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Showing posts from June 27, 2010

Right From Above

A captivating perspective on the otherwise usual scenes is seeing right from above. This was the thought while doing shots with the R10. Would a good theme and repetitive compositional elements going with such a perspective combine to produce intriguing shots?Well, this guy does. Maybe we can learn something from his truly fascinating shots.

The Hong Kong Stop

Ricohforum's Ricoh Around the Globe project has been going on for over a year since its start March 2009.  Now the camera R10 has finally come to the Hong Kong stop.  The note book which came with it is a joy to read, recording the interesting facts by the photographers at the previous stops.So here are the preview of some of the shots I have done with the R10 before I can come up with those of my choice for posting at the forum and the flickr page.

Fung Moon Kee

A time-honoured plaque of the shop, Fung Moon Kee. For people savvy in the local history, the calligraphic characters from right to left on a wooden plaque readily tells of its old age of a good many decades.There are old shops galore in Hong Kong giving glimpses into the lives during the days of yore, if you know where to go. In case you need a tip, head to Shanghai Street which was where I went with the GF-1 and stumbled upon an old-style bedding shop.An old photo in the shop shows the long array of shops, one of which was Fung Moon Kee, along Shanghai Street in the 1930s.Actually, Fung Moon Kee is what the locals call an embroidery-works shop or "sau-jong" in Cantonese. With a history of over 100 years, the shop is originated from Singapore. A sau-jong served in the old days as what a bedding shop does today. The old-timer is working behind the glass display cabinet with all sorts of bedsheets tossing out smiles in motley colours in the background.Uncle Lam in his late 70…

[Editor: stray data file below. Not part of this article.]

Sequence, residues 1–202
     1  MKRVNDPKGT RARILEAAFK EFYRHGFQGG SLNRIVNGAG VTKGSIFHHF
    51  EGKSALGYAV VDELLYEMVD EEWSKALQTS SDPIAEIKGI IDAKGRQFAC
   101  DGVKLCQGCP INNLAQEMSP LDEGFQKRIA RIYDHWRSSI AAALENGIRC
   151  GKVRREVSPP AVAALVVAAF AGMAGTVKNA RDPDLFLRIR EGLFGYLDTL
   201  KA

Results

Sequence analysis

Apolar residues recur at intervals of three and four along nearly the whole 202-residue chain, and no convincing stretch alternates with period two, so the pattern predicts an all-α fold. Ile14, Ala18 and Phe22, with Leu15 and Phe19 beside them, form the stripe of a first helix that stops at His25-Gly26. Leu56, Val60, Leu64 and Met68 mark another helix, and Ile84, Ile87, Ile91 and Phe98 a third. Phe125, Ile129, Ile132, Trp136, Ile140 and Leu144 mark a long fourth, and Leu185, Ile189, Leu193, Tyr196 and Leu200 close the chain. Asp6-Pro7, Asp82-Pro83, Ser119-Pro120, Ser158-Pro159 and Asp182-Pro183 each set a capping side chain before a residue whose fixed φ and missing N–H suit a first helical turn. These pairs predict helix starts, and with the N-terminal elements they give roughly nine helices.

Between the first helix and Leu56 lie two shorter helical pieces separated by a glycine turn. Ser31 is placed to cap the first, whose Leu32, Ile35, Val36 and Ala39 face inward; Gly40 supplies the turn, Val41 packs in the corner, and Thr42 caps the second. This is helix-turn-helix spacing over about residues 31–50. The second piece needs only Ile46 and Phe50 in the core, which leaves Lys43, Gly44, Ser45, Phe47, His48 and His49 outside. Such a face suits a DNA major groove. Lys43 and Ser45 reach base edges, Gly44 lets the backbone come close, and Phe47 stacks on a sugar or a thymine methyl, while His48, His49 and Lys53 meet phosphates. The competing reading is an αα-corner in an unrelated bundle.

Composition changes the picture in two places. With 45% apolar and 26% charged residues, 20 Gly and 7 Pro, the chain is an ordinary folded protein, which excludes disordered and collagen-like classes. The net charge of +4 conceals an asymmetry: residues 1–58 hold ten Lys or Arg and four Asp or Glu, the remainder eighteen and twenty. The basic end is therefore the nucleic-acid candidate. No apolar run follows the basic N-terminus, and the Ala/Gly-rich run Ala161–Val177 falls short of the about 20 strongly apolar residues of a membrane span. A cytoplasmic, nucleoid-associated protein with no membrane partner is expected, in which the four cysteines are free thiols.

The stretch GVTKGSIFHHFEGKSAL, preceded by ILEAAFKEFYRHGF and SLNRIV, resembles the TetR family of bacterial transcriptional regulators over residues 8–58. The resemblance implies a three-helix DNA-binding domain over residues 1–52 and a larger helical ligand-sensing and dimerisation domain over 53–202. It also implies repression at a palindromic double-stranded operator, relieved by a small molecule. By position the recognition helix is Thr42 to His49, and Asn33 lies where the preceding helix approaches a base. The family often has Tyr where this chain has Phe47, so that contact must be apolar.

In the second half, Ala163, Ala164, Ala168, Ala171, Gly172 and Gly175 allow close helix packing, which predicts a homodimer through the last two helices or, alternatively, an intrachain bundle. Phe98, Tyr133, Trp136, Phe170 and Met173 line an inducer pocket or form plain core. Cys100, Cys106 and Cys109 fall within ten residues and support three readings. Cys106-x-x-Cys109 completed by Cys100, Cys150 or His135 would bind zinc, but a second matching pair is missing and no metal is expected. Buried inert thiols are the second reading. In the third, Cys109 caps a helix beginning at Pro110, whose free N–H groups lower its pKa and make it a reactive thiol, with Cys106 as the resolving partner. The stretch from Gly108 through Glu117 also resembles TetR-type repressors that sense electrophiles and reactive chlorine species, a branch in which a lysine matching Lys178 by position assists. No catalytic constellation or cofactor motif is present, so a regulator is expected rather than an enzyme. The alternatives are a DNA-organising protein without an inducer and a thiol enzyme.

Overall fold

If Picasso Went to a Mall

... he could have come up with extremely mind-boggling works.Whenever I go to a mall, which, kitsch as they are, Hong Kong has plenty, the fascinating array of mirrors and the collages of images so reflected are my must-sees. With a trained eye, any photographers can easily imagine the intriguing final images out of such reflections, which reminds me of the great painter of all times, Picasso, for his radical works to capture his fleeting interpretations of his subjects on canvas. Some examples are here, here and here.To me, the best way to practise a photographer's eye is to observe the world through a viewfinder; but shooting is not necessary. That means you have to bring along a camera always and use a viewfinder. I don't wish to risk any prophecy on whether the camera's LCD screen can do the same until I have tried so myself. I just wonder it may not be as good a tool for that matter. Of course, using your thumbs and index fingers to frame a scene is a makeshift way to…

Act Now! All Wrong?

A brief background about today's photos: The Hong Kong government had tried to, and finally with success, steamroll ahead a reform package for the future elections of the local legislature and government head. Simply put, the package was branded as "democratic" by the government while the opposition thought it anything but, with the moderate democrats buying it as a strategical detour. A three-day protests had been staged outside the Legislative Council building where the shots were done."Act Now" (right) was the government slogan for its publicity battlefield while the adapted version "All Wrong" (left) was the opposition's counterblow. Bare-footed and blind-folded youngsters marched around the Legislative Council building in the fashion of ten steps and one intermediate kneeing to write down their requests on the floor. The banner says, "Withdram the reform package".The protests drew many photographers to the scene.The blind-folded pro…

Pulling the Quay

"Dad, how does the man pull the quay to the boat?" said a little girl.This is Sunday. Spend time with your family, and share some jokes together.